80’s Music Rules ~ Criminally Underrated Artists/ Bands ~ (Much More Than) One-Hit Wonders

It’s time to go on a rant about extraordinarily gifted artists and bands who were unfairly labeled “one-hit wonders.” Oftentimes, these artists were not properly promoted after charting; although they continued producing incredible music, the powers that be at the record companies and radio stations turned a deaf ear in order to promote the next flavor of the month. We, the listeners, were the big losers.

So much fantastic music from the 80’s has since been unearthed, that it’s not even necessary to listen to the contemporary repetitive swill out there. My iPod has 10 days’ worth of obscure 80’s listening gems. Each week, when I listen to the champions of the little guys, David Marsden and Ed-FM, I am treated to even more music that wasn’t promoted, that should have been, and that absolutely rocks.

This week will showcase three wrongly identified “one-hit wonders.” I urge you, if you haven’t already done so, to explore and enjoy their music. You will discover music your ears have been longing for, that will soothe your soul, and make you fall in love with your speakers all over again.

Gary Numan

Numan’s first group, Tubeway Army, scored big hits with “Cars” and “Are Friends Electric” back in the late 70’s/early 80’s. Since then, Gary Numan has been a very busy man, working hard to reinvent himself and finally finding success with a move to a decidedly Goth/Industrial/Dark Wave genre. Starting in the mid-90’s, Numan hit his stride with the albums Sacrifice, Exile, Pure, Hybrid, Jagged, and the latest, Dead Son Rising (sheduled to be released later in 2010). Never heard of them? If you enjoy Dark Wave, do yourself a huge favor and check them out. Both Trent Reznor and Marilyn Manson have cited Numan as an influence. Exile and Hybrid are personal favorites of mine. Gary Numan has transcended Tubeway Army in a huge way and deserves much more than the limited success of the past 15 years.


“Absolution” via YouTube user Patrickingham21:

“Exile” via YouTube user MollyClark4430:

“Haunted” via YouTube user Industrial82:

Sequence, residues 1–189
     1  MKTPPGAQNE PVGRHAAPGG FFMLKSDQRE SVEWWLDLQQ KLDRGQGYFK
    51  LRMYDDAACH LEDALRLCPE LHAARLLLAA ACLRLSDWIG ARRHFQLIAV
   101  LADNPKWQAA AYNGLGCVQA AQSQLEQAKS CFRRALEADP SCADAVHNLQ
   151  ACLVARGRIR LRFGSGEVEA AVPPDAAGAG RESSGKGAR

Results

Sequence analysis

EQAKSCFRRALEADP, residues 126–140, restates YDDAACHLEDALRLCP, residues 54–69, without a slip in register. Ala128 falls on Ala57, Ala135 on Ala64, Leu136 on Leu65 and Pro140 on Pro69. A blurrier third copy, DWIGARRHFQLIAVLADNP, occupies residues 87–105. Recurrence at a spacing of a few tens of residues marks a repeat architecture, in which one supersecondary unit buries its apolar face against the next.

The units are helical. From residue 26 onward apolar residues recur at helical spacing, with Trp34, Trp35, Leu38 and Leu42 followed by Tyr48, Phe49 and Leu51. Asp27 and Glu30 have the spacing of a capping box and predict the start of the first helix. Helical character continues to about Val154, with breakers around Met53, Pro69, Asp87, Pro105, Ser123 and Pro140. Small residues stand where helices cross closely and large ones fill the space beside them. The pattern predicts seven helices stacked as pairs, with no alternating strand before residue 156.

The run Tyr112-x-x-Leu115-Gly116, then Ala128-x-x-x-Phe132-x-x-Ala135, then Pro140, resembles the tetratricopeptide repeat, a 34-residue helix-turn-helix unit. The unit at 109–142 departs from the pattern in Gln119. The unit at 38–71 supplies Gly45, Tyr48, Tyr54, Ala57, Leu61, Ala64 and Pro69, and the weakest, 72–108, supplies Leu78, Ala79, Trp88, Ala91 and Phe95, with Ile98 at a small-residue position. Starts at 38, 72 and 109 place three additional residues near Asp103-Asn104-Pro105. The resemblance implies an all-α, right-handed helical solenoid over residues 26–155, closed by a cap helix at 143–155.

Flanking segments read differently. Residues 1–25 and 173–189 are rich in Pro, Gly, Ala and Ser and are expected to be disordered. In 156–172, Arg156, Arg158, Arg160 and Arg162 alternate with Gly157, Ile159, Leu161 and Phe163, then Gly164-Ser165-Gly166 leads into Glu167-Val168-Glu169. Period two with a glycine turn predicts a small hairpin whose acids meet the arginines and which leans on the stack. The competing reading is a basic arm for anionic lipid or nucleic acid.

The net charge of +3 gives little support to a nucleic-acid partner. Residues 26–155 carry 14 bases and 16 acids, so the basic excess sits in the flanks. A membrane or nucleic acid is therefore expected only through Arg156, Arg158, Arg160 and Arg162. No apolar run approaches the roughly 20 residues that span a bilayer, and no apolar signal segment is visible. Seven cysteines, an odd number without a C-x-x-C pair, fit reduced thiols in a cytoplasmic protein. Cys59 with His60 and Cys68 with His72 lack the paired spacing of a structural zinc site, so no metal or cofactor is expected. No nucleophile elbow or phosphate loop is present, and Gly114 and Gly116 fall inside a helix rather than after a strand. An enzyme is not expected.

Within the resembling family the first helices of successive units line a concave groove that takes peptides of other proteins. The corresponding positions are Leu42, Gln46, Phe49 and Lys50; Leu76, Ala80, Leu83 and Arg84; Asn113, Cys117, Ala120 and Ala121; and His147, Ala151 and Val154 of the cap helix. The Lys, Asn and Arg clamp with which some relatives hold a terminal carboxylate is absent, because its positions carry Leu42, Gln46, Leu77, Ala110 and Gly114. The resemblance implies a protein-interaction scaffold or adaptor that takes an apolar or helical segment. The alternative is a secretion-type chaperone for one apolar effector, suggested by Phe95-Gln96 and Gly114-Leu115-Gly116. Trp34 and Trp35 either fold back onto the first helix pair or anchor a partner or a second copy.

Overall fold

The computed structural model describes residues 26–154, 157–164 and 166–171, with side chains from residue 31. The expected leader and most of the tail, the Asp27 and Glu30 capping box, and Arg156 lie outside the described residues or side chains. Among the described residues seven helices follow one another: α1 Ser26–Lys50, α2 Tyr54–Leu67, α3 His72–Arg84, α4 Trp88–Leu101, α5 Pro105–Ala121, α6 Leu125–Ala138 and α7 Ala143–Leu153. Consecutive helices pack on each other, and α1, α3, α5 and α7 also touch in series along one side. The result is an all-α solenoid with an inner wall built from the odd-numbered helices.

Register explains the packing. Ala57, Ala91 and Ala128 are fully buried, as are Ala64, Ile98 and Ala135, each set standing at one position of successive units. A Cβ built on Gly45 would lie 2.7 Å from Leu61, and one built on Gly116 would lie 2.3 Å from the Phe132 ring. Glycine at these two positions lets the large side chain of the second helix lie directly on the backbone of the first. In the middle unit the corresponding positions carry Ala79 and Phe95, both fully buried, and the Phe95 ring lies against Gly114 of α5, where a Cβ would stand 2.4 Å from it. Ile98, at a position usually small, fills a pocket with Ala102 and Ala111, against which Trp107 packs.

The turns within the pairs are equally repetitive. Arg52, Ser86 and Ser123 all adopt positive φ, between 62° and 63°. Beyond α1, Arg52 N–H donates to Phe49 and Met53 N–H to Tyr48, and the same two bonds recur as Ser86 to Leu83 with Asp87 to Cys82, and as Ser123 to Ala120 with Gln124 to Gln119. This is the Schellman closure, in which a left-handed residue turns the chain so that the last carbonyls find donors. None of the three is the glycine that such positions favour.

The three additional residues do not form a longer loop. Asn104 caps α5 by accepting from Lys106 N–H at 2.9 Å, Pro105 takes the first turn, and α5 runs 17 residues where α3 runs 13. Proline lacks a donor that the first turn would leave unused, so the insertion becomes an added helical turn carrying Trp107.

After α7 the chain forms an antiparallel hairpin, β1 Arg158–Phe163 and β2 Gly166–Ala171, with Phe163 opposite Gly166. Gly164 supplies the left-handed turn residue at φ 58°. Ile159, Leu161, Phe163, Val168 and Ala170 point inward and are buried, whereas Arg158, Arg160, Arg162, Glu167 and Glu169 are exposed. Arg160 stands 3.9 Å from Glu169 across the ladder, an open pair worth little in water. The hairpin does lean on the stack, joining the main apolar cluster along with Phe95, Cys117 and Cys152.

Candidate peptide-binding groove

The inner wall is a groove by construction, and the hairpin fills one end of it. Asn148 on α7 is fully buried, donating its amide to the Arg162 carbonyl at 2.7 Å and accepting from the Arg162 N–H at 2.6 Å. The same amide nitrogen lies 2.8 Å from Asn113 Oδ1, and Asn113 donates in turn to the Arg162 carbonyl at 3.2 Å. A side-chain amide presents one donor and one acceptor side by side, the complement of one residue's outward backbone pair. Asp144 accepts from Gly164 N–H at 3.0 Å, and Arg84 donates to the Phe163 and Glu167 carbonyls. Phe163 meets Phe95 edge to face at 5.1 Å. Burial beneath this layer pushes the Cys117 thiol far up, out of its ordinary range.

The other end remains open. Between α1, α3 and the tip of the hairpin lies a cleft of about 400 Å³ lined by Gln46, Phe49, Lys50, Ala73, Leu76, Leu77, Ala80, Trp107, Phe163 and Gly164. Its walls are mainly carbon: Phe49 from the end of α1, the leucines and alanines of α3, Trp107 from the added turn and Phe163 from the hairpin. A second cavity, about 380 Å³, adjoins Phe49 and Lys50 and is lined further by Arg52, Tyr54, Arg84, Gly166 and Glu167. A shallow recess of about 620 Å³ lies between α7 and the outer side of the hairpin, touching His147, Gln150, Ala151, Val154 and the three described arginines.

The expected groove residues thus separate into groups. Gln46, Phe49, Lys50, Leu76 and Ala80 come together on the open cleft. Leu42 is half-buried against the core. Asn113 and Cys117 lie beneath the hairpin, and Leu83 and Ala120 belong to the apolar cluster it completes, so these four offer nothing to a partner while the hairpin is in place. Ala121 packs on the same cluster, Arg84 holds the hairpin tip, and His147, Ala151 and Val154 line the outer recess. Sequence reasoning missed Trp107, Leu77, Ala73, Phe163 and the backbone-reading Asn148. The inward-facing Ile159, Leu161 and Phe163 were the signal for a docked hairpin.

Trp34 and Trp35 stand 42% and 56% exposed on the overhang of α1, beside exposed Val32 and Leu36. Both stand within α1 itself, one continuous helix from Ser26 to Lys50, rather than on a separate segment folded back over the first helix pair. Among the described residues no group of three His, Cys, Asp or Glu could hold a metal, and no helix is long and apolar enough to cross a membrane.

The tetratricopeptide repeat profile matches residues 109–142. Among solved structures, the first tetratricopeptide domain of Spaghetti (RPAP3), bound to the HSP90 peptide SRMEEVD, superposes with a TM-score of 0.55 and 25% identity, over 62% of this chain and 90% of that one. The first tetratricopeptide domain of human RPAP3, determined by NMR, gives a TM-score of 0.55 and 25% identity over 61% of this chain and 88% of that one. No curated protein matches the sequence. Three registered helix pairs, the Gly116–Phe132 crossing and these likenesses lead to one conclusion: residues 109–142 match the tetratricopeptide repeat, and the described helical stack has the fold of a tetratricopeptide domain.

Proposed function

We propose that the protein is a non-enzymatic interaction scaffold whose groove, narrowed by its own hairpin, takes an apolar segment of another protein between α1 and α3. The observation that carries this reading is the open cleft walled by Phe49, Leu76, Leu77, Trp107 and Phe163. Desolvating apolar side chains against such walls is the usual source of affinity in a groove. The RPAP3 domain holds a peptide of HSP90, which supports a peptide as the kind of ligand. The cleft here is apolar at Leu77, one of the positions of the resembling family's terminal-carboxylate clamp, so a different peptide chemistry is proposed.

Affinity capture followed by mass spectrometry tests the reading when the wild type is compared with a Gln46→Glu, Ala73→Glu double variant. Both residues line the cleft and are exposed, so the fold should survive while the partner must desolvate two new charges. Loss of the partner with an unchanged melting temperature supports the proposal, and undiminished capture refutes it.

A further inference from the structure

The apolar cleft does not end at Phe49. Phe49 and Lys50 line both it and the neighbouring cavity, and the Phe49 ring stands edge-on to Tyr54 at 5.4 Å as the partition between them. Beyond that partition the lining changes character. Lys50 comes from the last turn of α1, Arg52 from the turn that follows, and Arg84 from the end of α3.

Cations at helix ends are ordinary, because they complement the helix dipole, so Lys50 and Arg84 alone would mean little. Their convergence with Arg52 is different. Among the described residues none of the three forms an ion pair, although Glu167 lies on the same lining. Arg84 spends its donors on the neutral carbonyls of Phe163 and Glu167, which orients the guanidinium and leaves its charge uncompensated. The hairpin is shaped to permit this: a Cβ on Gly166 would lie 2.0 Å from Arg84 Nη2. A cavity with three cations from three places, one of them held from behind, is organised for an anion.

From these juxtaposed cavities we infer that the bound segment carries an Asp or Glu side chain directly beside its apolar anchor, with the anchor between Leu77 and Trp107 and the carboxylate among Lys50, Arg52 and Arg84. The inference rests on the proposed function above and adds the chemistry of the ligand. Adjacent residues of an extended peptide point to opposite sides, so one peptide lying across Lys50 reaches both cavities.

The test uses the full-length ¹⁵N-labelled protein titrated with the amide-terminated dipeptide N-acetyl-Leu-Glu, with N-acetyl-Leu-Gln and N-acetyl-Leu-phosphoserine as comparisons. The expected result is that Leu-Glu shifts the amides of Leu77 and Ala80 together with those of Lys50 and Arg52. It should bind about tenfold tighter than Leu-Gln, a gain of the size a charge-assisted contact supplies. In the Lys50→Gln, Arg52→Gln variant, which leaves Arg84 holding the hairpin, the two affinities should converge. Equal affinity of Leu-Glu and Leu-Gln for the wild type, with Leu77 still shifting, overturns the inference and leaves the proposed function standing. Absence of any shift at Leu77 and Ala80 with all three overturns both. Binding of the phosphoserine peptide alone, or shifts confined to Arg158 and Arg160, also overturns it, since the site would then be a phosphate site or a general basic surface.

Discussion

Modern English

Modern English scored a big hit in the 80’s with “I Melt With You.” If you haven’t taken the time to listen to any other of their eclectic 80’s tunes, you are cheating your ears out of pure pleasure in a big way. Their four 80’s LPs were Mesh and Lace (1981), After the Snow (1982), Ricochet Days (1984), and Stop Start (1986). My personal favorite is “Someone’s Calling” from the After The Snow LP. Definitely take the time to go back and check out any Modern English music you may not have heard the first time around. This band deserved to be more than a “don’t blink or you’ll miss them” phenomenon.

“Someone’s Calling” via YouTube user ealdrett:

“Ink and Paper” via YouTube user delahuerta:

Blue Peter

Virtually unknown outside of Canada, Blue Peter enjoyed a couple of hits with “Don’t Walk Past” and “Radio Silence.” The band, led by Paul Humphrey, continues to play in and around Toronto to this day. If you like the style of David Byrne, front man of Talking Heads, you’ll love Blue Peter. Humphrey embodies all that is great about Byrne, with a little David Bowie and Bryan Ferry thrown in for fun. Criminally underrated doesn’t even begin to describe Blue Peter’s talent. Even if you were lucky enough to have heard either of their hits back in the 80’s, chances are you missed out on gems such as “Falling,” “Take Me to War.” “All Your Time,” “Unchained Heart,” and “Video Verite.”